When parents divorce, one of the main concerns is how custody of their children will be arranged. The ideal situation would be for parents to come to an amicable agreement on their own. Unfortunately, this is doesn’t always happen and the court of the state in which they live step in and make the arrangements for them. This article explains which state is in charge of custody when spouses live in different states.
Divorce courts today try to encourage parents to make child custody decisions on their own and often require them to attend mediation sessions to work out an arrangement that is in everyone’s best interest, especially the children. When all else fails, the courts of the state in which the parents live may end the conflict by issuing a court order that dictates how custody of their children is to be shared.
When the parents live in different states, the state that is in charge of deciding upon custody issues is determined by the Uniform Child Custody Jurisdiction and Enforcement Act, which has been adopted by the state of Oklahoma. According to the UCCJEA, a state may decide upon child custody issues if it passes one of three tests. In order of preference, these tests are:
- If the state is the child’s home state. This requires the child to have lived in the state for the last six months or would have lived in the state for the last six months had the parent not moved the child to a different state. If it is determined that the child was moved to another state simply to establish a home state for custody purposes, that parent will be denied custody.
- If the child has significant relationships in the state with people such as its grandparents, extended family members, doctors and teachers. A parent who moves a child to another state simply to establish these relationships for child custody purposes will be denied custody.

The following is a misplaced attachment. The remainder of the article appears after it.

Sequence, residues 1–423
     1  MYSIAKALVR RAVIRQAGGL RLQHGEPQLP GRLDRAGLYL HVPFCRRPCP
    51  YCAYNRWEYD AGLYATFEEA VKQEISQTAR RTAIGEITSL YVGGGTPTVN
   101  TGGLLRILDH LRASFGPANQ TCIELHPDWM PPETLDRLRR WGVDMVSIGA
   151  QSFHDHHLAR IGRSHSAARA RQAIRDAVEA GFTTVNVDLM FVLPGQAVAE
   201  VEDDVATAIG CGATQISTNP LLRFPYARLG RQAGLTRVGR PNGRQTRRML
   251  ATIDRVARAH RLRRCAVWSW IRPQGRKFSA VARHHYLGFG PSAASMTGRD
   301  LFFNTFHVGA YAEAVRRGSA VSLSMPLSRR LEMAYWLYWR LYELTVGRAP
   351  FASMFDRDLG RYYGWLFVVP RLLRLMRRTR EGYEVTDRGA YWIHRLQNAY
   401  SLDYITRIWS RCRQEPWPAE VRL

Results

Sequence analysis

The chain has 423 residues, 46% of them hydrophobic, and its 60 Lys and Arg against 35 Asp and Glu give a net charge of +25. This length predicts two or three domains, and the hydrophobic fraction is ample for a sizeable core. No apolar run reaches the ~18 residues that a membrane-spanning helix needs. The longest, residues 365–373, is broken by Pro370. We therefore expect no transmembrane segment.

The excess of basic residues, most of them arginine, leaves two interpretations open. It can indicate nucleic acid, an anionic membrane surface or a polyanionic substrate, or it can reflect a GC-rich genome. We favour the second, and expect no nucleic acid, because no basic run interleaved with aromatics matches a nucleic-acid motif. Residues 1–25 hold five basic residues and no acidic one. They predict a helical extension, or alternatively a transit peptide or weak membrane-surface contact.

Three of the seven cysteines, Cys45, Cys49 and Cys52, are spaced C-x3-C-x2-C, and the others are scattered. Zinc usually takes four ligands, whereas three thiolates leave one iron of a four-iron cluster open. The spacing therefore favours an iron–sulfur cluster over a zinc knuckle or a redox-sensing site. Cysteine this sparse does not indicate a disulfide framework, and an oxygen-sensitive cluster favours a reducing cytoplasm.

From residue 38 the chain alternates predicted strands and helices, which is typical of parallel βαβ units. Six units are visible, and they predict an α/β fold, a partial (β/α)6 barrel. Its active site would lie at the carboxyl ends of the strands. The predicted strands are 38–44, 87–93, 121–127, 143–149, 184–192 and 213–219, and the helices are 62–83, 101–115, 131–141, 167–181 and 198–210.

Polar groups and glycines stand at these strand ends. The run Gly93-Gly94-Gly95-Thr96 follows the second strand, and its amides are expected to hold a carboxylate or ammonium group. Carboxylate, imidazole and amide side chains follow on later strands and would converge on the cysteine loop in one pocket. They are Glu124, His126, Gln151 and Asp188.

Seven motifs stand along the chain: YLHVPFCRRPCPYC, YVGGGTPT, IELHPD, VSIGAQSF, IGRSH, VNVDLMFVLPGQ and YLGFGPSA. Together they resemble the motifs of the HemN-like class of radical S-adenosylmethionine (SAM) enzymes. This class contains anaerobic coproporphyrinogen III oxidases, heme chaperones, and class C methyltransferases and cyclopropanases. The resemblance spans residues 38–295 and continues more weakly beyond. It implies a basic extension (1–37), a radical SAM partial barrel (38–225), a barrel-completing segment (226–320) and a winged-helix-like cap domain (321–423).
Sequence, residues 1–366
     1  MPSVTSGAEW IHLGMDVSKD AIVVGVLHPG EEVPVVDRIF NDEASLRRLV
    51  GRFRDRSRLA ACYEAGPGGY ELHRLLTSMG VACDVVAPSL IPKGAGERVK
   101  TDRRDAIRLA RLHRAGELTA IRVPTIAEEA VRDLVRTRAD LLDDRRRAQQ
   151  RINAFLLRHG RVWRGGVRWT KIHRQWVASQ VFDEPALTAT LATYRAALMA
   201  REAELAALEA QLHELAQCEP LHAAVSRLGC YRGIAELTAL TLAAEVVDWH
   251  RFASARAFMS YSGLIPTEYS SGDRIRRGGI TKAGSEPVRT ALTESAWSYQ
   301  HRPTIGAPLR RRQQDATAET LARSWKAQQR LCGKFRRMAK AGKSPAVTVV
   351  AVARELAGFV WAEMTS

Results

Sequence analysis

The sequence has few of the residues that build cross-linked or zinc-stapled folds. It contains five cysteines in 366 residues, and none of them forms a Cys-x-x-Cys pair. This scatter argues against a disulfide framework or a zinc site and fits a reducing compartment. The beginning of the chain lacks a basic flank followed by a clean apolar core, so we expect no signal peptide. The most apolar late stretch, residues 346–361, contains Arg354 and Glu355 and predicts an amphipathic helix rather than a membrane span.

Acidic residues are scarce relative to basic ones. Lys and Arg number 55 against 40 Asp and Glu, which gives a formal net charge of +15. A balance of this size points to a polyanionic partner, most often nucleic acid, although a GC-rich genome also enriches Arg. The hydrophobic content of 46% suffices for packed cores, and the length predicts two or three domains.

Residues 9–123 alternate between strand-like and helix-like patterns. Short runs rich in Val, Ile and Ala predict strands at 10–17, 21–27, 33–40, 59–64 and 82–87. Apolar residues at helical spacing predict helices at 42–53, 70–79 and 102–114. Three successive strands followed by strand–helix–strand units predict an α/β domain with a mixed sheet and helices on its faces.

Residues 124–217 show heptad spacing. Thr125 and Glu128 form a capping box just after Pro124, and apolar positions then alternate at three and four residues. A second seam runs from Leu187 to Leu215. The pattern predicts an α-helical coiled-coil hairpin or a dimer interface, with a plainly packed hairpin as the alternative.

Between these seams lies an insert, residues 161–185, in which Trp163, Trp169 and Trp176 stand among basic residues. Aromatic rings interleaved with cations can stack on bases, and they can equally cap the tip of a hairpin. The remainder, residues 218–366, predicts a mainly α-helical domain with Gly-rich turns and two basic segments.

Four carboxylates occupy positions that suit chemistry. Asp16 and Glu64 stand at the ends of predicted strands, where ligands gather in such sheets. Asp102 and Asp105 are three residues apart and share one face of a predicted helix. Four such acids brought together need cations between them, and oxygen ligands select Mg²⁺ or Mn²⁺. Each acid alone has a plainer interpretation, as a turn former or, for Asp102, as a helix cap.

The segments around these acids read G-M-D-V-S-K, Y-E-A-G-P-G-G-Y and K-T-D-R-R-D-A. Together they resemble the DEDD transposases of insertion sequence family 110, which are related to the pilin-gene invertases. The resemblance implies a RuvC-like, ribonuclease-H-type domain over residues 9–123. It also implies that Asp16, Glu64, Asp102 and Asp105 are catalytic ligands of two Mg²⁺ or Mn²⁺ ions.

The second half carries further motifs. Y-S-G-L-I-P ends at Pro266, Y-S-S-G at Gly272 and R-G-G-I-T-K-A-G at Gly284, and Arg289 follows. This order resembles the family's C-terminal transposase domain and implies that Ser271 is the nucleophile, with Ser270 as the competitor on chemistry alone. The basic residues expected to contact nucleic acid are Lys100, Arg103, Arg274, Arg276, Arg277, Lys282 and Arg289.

- If the child is currently in the state and has been abandoned or is endanger of being abused or neglected if sent back to the home state.
- If no other state has met any of the first three requirements, or a state that has met one has declined to rule on the issue.
The court of a particular state cannot make child custody decisions, unless it has passed one of these tests. If more than one state passes at least one if these tests, the court of either state may make custody decisions and the judges of the different qualifying states will confer decide amongst themselves which state’s court will rule. Once this decision is made, the other state may not interfere.
Free, confidential consultation: Oklahoma City Child Custody Attorney
Find out more how we can help you with your child custody arrangements, with a simple no-cost consultation by contacting the Divorce Law Office of Oklahoma City at (405) 880-8222. If you prefer written correspondence, please send your question using the “Ask the Lawyer” form at the top right of this page.